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Korchnoi is one of the true chess legends and many people’s choice as the “strongest player never to become World Champion”. He played three matches that could have given him that title and was at the very top of world chess for 30 years, winning games against all the World Champions from Botvinnik to Kasparov. His four USSR Championships and six Olympiad gold medals for the USSR are all the more remarkable given he famously defected to the West in 1976, at the very height of his powers. In terms of chess longevity he has few rivals, and the furious will to win that saw him nicknamed “Viktor the Terrible” helped him feature in the Top 100 at the age of 75 and beat young star Fabiano Caruana at 79.
Korchnoi’s talent was evident when he won the USSR Junior Championship in 1947, but it was his capacity for hard work and gradual improvement that set him apart. His counterattacking style based on deep calculation rather than intuition gave Korchnoi erratic results in the 1950s, but he was consistently at the top when he turned 30, winning the USSR Championship in 1960, 1962, 1964 and 1970. It’s been suggested that he lost the final Candidates match against Tigran Petrosian in 1971 due to a Soviet agreement that Petrosian would have the best chances against Bobby Fischer, but when Fischer stopped playing it seemed as though it might finally be Korchnoi’s turn to claim the crown.
His great misfortune was that the peak of his career overlapped not with one but two great champions. The young Anatoly Karpov emerged from nowhere to become the darling of Soviet chess, and would prove Korchnoi’s nemesis. In their first match in 1974 Korchnoi suffered three defeats but posted a late recovery to lose only 12.5:11.5. That match effectively gave Karpov the crown when Fischer refused to defend his title. Four years later Korchnoi had defected from the USSR but dismayed the Soviet authorities by qualifying for the next World Championship match against Karpov. Their showdown in the Philippines will be remembered as one of the most bitter and bizarre contests in chess history, with cheating allegations involving hypnotism and coded messages sent by yogurt. On the chessboard Korchnoi again trailed at the start (4:1) but managed to fight back to tie the first-to-six match 5:5 after 31 games, only to go on to lose the next game.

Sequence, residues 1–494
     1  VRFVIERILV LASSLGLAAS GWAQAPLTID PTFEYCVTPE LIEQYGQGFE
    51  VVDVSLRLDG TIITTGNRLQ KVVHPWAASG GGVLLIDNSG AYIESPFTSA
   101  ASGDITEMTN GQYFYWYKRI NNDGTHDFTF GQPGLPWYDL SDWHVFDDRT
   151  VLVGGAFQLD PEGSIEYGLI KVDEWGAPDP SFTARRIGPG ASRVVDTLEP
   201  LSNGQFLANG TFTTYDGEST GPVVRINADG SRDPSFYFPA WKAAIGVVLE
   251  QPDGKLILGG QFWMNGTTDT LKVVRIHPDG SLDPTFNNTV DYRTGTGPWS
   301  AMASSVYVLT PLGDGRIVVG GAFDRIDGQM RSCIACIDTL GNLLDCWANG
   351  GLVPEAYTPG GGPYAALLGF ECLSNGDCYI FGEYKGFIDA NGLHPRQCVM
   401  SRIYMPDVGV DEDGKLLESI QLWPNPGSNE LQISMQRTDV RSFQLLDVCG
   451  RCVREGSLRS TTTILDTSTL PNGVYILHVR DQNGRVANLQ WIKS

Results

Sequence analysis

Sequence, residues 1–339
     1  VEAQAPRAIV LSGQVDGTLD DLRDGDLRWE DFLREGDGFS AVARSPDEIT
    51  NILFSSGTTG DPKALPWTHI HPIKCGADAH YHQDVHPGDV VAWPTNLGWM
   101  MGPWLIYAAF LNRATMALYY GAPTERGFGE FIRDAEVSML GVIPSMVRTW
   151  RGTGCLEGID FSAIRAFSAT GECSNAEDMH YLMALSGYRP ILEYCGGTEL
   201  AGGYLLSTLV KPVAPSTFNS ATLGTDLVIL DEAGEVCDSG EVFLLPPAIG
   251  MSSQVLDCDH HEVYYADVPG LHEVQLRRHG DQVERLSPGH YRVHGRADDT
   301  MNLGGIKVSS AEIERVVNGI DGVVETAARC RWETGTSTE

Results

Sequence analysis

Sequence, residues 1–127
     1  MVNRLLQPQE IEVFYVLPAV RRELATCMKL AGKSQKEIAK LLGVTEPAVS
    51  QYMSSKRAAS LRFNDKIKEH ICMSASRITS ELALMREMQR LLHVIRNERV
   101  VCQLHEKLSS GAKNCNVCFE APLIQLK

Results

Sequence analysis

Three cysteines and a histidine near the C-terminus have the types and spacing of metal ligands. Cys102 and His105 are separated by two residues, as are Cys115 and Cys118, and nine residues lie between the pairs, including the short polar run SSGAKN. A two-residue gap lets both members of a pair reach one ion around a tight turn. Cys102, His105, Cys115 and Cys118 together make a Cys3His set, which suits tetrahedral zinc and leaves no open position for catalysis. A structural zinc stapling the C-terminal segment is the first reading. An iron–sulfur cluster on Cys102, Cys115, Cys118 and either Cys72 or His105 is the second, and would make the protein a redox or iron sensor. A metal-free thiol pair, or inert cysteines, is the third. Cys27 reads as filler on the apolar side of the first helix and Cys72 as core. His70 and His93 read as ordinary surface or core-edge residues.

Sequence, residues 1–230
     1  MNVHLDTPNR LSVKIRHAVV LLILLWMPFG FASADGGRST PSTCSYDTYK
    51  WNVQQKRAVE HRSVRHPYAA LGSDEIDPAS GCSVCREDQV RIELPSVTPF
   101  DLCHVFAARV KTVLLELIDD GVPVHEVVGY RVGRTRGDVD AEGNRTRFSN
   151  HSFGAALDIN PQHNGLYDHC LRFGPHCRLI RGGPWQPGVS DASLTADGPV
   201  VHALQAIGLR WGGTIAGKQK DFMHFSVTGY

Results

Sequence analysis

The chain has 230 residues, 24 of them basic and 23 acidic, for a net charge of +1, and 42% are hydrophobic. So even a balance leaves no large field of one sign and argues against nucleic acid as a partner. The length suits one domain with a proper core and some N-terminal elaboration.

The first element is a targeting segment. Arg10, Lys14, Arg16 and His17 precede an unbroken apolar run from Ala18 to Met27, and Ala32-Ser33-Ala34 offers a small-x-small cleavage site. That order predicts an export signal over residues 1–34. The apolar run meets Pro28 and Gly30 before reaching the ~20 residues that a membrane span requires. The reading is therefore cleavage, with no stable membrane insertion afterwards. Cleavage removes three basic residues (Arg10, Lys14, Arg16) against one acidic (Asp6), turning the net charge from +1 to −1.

In 1981 Korchnoi turned 50, but yet again qualified to play Karpov. That match was dubbed the “Massacre in Merano” as Korchnoi fell to a 6:2 defeat in the Italian town, although chess events were overshadowed by the imprisonment of his son. The next cycle signaled a changing of the guard, as Korchnoi lost to the young Garry Kasparov.
While he never again managed to challenge for the title, Korchnoi has remained active and strong in competitive chess long after his peers retired. At the age of 80 he told an interviewer he continues to work on chess four hours a day, and his latter achievements include winning the World Senior Championship in 2006 and the Swiss Championship in 2009 and 2011.
In 2012 Korchnoi suffered a stroke that finally threatens
to curtail his professional chess career, though there are few more likely to
battle back against adversity.
Photo: Georgios Souleidis